Now if you're going to travel to Central America, you're going to see a lot of volcanoes. You might even get the chance to poke sticks in moving lava (Guatemala) or fly down one on a plank of wood (Nicaragua). Arenal, one of the most famous and volatile volcanoes of the Americas, was covered in cloud and all but invisible. It erupted, unexpectedly, in the1970's, killing about 80 people, and launching a tourist industry. La Fortuna, the nearest town, seems a bit too small for the many tourist agencies offering all manner of adventure/eco-tourism activities. Each day, tourists flock here to see fiery rocks fall down the slopes of Arenal at night, or better yet, explode high above the crater. Even with the thick cloud cover, I saw sparks ripple down its side, but as travel-buddy Peter remarked with typical English dryness: "The lava is nowhere near as nice as when you're standing right next to it," referring to our previous adventures at Pacaya in Guatemala. For the new folks in our group, seeing an active volcano for the first time was still a major thrill. As was smuggling in booze into the Baldi Hot Springs. Costa Rica had mayoral elections that weekend, and instituted a three-day alcohol ban across the entire country. The idea being, if you're too drunk you might vote for the wrong guy, even if you're a tourist, even if you're not voting (according to the local Tico Times a few days later, not many people did). Maybe if they get voters blind-drunk in the US, they might vote for the right guy, but this has nothing to do with the fact that I soon found myself running between a dozen thermal pools and massive, fake-rock hot tubs, seemingly imported from the Playboy Mansion. We set up a wet bar behind some bushes, and spent the night flirting in hot springs in the moonlight shadow of a volcano. It's not every day...
But the thrill of La Fortuna lay in the Lost Canyon. Former tour guide Christina, possibly the only person from Wisconsin who can say "I've done the Inca Trail 16 times" and her adventure-mad husband Suresh, have painstakingly cleared a canyon a few miles out of town, and have added this "discovered" canyon to their list of impressive activities at Desafio Adventure Company. We were one of the first groups to rappel off the 50m plus wooden platforms. The last time I did something like this was in New Zealand, where I rappelled into a cave, yelping in agony as I'd caught my left nut in the harness. This time, I just yelped at the breathtaking sight one is privy to when dangling mid-air beneath a waterfall. It took a couple hours to make our way down river, including two huge drops and a couple fun obstacles. The other group encountered a snake, which may or may not have been poisonous (the way stingrays may or may not be dangerous), but everyone had a rosy watermelon smile at the end, perfect to fit the fresh-cut watermelon waiting for us after the steep climb out. Next up I went river rafting over a long, turbulent stretch of rapids that provided three thrilling moments: firstly, when Gary of Melbourne went over the edge, requiring a quick Gonzo rescue that provided one of those few moments of pure adventure we all crave outside the movies. Secondly, when we pulled into shore to find locals having a river party, selling cold beer despite the ban (punishable by three-months in jail), serenading us with an accordion. Finally, when I left the boat to float down the rapids on my ass, catching my toe in the rocks, which, were it not for the covered toes of my Keen sandals, would surely have broken just as sure as I was, later that night, when we attacked a bottle of Nicaraguan Flor de Cana rum.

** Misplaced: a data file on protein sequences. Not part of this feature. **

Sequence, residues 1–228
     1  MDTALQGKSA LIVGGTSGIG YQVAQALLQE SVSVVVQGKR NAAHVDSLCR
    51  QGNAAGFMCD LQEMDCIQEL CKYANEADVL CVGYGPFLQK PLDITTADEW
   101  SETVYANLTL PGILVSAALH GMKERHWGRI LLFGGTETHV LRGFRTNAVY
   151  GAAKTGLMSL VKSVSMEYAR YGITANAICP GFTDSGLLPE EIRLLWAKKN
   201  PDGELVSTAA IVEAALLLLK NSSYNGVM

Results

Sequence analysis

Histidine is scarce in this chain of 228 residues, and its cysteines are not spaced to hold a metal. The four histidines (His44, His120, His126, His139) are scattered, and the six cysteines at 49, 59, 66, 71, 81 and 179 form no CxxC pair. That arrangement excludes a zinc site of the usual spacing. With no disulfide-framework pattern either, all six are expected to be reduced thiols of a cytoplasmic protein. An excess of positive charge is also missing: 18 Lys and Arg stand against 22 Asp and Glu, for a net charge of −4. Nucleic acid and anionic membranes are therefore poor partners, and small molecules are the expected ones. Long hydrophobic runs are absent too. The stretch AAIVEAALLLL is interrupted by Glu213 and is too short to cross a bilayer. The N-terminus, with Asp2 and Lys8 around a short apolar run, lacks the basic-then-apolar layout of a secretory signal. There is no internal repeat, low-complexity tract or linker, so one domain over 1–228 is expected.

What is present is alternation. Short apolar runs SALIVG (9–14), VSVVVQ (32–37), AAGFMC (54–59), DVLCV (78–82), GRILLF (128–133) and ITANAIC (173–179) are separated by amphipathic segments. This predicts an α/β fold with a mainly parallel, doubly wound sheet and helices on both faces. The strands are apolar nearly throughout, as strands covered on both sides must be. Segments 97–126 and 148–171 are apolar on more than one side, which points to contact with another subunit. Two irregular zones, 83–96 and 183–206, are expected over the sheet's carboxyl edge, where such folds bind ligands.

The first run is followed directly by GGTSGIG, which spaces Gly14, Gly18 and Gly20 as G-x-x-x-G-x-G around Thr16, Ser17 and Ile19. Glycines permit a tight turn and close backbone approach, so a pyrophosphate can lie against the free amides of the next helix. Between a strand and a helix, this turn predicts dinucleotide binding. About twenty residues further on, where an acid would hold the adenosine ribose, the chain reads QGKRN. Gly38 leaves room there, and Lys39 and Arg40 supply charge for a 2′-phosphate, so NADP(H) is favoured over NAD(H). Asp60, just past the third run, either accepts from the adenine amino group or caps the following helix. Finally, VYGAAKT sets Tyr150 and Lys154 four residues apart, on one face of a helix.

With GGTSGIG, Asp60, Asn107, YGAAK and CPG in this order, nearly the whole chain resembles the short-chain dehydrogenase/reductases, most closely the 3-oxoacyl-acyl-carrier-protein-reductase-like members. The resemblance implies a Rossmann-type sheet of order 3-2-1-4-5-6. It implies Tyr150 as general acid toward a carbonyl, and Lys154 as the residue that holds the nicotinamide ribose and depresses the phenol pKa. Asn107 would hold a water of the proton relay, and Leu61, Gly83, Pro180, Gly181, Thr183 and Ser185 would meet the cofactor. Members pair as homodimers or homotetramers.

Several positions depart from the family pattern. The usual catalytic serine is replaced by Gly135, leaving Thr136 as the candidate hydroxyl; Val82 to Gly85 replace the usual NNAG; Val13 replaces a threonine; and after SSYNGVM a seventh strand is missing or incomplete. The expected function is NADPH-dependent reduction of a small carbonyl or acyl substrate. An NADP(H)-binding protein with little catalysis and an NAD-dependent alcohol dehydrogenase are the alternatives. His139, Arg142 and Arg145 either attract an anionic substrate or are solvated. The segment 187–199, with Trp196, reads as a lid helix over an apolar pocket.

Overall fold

Cloudforest is different from rainforest in that misty cloud passes through the trees, as opposed to constant rain. So there was really nothing to be surprised about when I arrived in Monteverde to find it wet and cold, with howling winds and a chill that planted itself in my very bones. It was the type of weather that renders glasses useless (if they're not wet, they're fogged), and is a general affront to good time sensibilities, especially if you're on a winter-sun vacation in Costa Rica. But the old saying goes: gale force winds should never stop a night walk, and into the Monteverde Cloudforest we go, searching for sleeping birds, bugs and fat, hairy tarantulas. Our knowledgeable guide informs us that animals are wiser than humans because other than some porcupines and the odd tarantula, most creatures know better than hang around a forest during a wind storm. Besides the thick forest teeming with wildlife, people also come to Monteverde to zipline, which involves strapping oneself onto a harness and jumping off a platform to slide through the canopy. It's generally not too extreme, unless you're on ziplines spanning over 700m long, 100m high, and operating in conditions that would send most people home to board up their windows. By the time our group reached the 11th line, we had to go two at a time to avoid being blown in circles. Wet, cold, extreme wind - in terms of Gonzo, the weather conditions were just perfect.